ROME – Pope Francis on Sunday argued that having received mercy, Jesus’ apostles became merciful themselves, sharing ownership over everything, calling such an arrangement “not communism, but pure Christianity.”
“The Acts of the Apostles relate that ‘no one claimed private ownership of any possessions, but everything they owned was held in common.’ This is not communism, but pure Christianity,” he said.
The pope’s words came as he marked Divine Mercy Sunday in a Roman church dedicated to the devotion. Given COVID-19 restrictions, the Church of Santo Spirito was half empty, yet filled with a group of male and female prisoners from three local prisons, a migrant family from Argentina, refugees coming from Syria, Nigeria and Egypt, and religious sisters who work in a local hospital.
Divine Mercy Sunday is celebrated on the Second Sunday of Easter, which concludes the Octave of Easter.
The church where Francis said Mass is a short walk from the Vatican, and English-speaking pilgrims who visit the Eternal City often go there for the 10AM Mass, as St. Peter’s Square, from where the pope weekly says the noontime Angelus prayer, is within sight.
The pope said that the decision to “stoop to bind the wounds of others” is proof of God has touched their lives.
“Today is the day to ask, ‘Am I, who have so often received God’s peace, his mercy, merciful to others? Do I, who have so often been fed by his Body, make any effort to relieve the hunger of the poor?’” Francis said. “Let us not remain indifferent. Let us not live a one-way faith, a faith that receives but does not give, a faith that accepts the gift but does not give it in return.”
If love is only about oneself, the pope continued, faith becomes dry, barren and sentimental. By accepting God’s love, Christians can offer something new to the world. If they rely only on the efficiency of structures and projects, the pope said, “we will not go far.”
During his homily, Francis said that after his resurrection, Jesus brought about the “resurrection of the disciples,” trying to change their lives through mercy “through three gifts.”
First, Francis said, “Jesus offers them peace, then the Spirit and finally his wounds.”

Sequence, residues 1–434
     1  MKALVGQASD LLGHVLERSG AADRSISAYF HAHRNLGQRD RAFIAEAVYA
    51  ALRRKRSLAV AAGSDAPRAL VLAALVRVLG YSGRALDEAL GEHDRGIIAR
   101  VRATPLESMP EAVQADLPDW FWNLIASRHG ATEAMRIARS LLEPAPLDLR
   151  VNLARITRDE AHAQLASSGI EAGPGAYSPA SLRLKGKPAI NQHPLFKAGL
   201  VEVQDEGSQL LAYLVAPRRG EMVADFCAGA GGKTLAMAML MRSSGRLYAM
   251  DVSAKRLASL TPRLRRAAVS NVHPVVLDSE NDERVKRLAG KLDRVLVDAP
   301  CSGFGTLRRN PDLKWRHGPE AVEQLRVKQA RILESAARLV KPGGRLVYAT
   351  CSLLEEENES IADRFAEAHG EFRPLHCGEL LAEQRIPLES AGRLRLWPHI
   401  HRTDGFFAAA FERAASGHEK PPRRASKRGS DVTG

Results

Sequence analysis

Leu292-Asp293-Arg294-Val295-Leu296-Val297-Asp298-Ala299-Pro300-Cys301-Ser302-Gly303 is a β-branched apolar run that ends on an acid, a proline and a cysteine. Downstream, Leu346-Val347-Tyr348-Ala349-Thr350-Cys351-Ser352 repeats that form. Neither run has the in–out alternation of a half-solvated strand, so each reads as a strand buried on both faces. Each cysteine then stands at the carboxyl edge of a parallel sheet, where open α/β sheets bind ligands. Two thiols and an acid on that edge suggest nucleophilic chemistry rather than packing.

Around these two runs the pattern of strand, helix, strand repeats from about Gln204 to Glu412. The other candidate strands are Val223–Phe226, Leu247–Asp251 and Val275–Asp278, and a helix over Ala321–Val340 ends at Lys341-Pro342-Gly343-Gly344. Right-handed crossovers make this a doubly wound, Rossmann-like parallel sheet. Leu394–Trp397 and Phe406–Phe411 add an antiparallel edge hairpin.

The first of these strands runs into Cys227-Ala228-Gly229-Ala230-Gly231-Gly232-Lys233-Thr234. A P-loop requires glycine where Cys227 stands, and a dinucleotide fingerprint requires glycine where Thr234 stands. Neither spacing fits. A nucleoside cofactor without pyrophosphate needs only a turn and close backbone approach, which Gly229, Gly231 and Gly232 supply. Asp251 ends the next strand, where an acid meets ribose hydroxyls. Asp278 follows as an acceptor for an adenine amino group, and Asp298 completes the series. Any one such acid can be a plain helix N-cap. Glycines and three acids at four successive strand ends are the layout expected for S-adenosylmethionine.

After Christ’s death on the cross, the disciples locked themselves away in fear of arrest and execution. There, Francis said, they were “trapped in their own remorse. They had abandoned and denied Jesus,” which led them to feel useless and helpless.
“Jesus arrives and says to them twice, ‘Peace be with you!’” the pontiff said. “He does not bring a peace that removes problems, but one that infuses trust within. It is no outward peace, but peace of heart.”
The peace Christ brought allowed the disciples to go from being remorseful to men on a mission. His peace does not entail “ease and comfort,” Francis said, “but the challenge to break out of ourselves. The peace of Jesus frees from the self-absorption that paralyzes; it shatters the bonds that keep the heart imprisoned. The disciples realized that they had been shown mercy: they realized that God did not condemn or demean them, but instead believed in them.”
“God, in fact, believes in us even more than we believe in ourselves,” he said.
“As far as God is concerned, no one is useless, discredited or a castaway,” Francis said to the prisoners, migrants and refugees. “Today Jesus also tells us, ‘Peace be with you! You are precious in my eyes. Peace be with you! You are important for me. Peace be with you! You have a mission. No one can take your place. You are irreplaceable. And I believe in you’.”
Francis said Jesus bestowed on his disciples the Spirit for the forgiveness of sins.
“Like those disciples, we need to let ourselves be forgiven,” he said. “Forgiveness in the Holy Spirit is the Easter gift that enables our interior resurrection. Let us ask for the grace to accept that gift, to embrace the Sacrament of forgiveness.”
Before moving on to the next gift, Francis extolled the Sacrament of Confession, saying it’s not about one’s sins but God and his mercy: “Let us not confess to abase ourselves, but to be raised up. We, all of us, need this badly.”
The Divine Mercy devotion was introduced by a Polish nun named St. Faustina Kowalska in the early 20th century in response to a series of mystical experiences, and it has since then become one of the most popular and widespread new spiritual practices in the Church.
It was during one of these visions that Kowalska said was “instructed” to commission a painting of Jesus based on Divine Mercy, with rays of red and white light coming out from his heart and the signature line, “Jesus, I trust in You.”
Follow Inés San Martín on Twitter: @inesanma